What is the PRS housing guarantee scheme?

Posted on 31 October 2016

What is the PRS housing guarantee scheme?

A Google search for the phrase "UK housing crisis" as we went to press produced over three million hits.  The RICS has said that home ownership is increasingly unaffordable for many, following years of price growth, and that 1.8 million more households will be looking to rent by 2025.

To meet this demand, increasing numbers of property developers are entering the residential build-to-rent arena (also known as the private rented sector or PRS) and the government is keen to encourage investment.

Government initiatives to boost housebuilding

At the October 2016 Conservative party conference, the chancellor and the business secretary announced a £3bn Home Building Fund providing loan finance to build homes for sale or rent, as well as other initiatives to accelerate delivery of new homes on public land.

An existing scheme – not to be overlooked

As well as the Home Building Fund and other initiatives announced recently, there is an existing scheme announced as long ago as 2012 where funding is still available.  This is known as the Private Rented Sector Housing Guarantee Scheme.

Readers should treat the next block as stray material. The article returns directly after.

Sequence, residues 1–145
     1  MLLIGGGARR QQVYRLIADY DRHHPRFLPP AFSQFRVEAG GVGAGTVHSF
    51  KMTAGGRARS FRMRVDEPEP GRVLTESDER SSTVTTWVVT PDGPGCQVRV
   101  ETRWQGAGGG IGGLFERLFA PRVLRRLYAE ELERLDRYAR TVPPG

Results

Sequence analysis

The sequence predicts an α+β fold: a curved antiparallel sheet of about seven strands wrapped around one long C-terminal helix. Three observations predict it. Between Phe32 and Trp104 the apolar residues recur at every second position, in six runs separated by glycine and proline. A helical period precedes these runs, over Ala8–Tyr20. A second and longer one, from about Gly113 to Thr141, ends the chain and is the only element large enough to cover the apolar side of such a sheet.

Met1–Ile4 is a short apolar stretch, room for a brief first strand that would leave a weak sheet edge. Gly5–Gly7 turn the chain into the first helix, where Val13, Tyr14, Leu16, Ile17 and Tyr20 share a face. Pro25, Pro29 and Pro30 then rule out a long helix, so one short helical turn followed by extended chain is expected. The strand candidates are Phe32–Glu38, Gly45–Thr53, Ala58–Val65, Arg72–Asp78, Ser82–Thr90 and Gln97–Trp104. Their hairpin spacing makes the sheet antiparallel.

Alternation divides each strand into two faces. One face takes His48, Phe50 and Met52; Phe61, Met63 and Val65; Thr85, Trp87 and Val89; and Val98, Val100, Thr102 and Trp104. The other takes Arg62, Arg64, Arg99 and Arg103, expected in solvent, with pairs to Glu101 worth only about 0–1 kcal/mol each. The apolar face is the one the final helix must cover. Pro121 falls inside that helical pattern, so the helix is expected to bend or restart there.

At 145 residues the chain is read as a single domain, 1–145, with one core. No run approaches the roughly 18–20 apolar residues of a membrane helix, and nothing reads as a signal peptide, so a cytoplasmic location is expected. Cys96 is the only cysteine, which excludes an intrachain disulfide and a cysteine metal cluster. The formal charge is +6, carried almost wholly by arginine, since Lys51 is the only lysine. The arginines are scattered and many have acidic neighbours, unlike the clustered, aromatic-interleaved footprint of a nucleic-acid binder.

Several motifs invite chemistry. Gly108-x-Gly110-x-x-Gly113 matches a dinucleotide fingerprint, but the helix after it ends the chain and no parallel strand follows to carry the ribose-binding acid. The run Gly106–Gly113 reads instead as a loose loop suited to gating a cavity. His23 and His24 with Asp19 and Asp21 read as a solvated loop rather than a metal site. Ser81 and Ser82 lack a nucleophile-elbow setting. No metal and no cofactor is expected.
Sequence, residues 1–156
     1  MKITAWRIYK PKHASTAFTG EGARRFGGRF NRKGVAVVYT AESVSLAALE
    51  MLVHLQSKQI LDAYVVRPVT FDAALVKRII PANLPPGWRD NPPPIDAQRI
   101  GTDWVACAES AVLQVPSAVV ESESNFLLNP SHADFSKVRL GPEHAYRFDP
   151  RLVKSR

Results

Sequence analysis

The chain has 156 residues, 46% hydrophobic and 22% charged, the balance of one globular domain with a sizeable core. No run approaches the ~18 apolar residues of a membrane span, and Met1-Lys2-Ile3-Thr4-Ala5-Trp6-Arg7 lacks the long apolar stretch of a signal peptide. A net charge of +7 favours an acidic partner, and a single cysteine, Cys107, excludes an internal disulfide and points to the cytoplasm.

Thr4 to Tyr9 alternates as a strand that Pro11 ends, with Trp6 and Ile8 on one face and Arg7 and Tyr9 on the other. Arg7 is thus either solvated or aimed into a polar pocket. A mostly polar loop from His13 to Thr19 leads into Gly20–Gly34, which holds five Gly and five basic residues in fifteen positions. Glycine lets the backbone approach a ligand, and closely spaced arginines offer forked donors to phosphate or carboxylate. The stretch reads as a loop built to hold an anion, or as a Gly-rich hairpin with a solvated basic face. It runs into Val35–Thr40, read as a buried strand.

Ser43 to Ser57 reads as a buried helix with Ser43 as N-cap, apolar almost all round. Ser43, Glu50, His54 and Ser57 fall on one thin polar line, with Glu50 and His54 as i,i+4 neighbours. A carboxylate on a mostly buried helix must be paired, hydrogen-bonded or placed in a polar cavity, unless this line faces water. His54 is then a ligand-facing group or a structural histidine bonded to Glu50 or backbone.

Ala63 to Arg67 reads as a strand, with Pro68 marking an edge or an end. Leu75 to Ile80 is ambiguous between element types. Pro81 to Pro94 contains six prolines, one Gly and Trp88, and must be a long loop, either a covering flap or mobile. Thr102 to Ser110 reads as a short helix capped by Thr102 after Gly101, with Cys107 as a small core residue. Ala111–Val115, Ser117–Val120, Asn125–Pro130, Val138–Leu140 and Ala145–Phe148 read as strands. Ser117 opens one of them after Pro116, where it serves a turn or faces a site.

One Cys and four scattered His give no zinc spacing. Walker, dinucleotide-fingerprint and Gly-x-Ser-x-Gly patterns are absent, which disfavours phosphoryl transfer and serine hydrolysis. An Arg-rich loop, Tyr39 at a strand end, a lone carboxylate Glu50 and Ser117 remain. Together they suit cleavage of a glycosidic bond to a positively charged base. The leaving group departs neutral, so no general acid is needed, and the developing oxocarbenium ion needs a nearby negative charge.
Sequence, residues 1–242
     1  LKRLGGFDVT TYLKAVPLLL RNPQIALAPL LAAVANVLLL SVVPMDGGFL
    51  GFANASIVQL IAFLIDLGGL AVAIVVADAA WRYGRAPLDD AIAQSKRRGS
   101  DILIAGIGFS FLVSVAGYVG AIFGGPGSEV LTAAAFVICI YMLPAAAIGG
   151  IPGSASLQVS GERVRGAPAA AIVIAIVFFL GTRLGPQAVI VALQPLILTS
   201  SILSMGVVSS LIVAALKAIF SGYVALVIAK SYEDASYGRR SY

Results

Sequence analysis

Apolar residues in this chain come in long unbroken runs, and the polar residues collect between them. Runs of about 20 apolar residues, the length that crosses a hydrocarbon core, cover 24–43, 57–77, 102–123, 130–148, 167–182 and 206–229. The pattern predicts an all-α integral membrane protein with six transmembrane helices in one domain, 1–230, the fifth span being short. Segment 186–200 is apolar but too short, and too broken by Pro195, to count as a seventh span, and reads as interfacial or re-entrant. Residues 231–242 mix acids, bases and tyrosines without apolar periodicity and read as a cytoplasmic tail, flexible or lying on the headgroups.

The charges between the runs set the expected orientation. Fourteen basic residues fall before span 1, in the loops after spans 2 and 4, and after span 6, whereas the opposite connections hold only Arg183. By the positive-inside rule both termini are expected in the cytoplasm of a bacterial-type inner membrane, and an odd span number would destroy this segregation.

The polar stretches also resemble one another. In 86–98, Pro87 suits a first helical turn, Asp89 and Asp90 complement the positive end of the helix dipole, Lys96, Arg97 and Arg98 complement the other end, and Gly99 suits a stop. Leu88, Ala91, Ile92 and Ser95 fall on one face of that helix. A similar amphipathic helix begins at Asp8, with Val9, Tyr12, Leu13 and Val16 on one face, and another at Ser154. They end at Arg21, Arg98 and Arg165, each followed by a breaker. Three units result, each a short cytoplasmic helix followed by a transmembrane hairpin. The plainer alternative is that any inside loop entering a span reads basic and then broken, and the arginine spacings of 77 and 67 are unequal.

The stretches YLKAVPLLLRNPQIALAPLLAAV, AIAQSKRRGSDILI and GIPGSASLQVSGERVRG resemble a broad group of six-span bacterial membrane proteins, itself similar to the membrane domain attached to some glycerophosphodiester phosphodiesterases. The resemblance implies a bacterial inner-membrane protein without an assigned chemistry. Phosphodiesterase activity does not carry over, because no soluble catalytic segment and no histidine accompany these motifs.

With housing needs still high on the agenda in 2016, there is still time to apply for loan finance from this £3.5bn fund.  Its aim is to stimulate institutional investment and improve standards, with a focus on increasing the supply of purpose built, professionally managed PRS homes.

This scheme will lend money for the purchase of housing units after they have been built.  It is not intended to provide development finance (that is covered by the Home Building Fund – see above).  Borrowers may obtain a letter of comfort that the project qualifies for guarantee support to help them access development finance elsewhere.

The scheme is available for new-build private rented homes, with a minimum project size of £10m but no maximum debt limit.  Maximum loan to equity ratio is 80/20 and the maximum loan period is 30 years.

Applications are processed once detailed planning has been obtained.  Guidance notes on the Department for Communities' website state that the deadline for applications is 31 December 2016, but the Department has confirmed to us in writing that this has been extended to December 2017.

Venn Partners is the delivery partner for the scheme. Further information and an application pack are available by contacting prs@venn-partners.com and details are available on their website.

So will schemes like this make a difference?

The government certainly hopes so.  Lack of housing in parts of the UK is a long-term problem, arguably caused by decades of underinvestment.  We have simply been building too few homes for too many years. 

While there is still much to be done in the next decade to tackle the housing crisis, taking steps to increase build-to-rent accommodation must surely play an important role in addressing the country's housing shortage.

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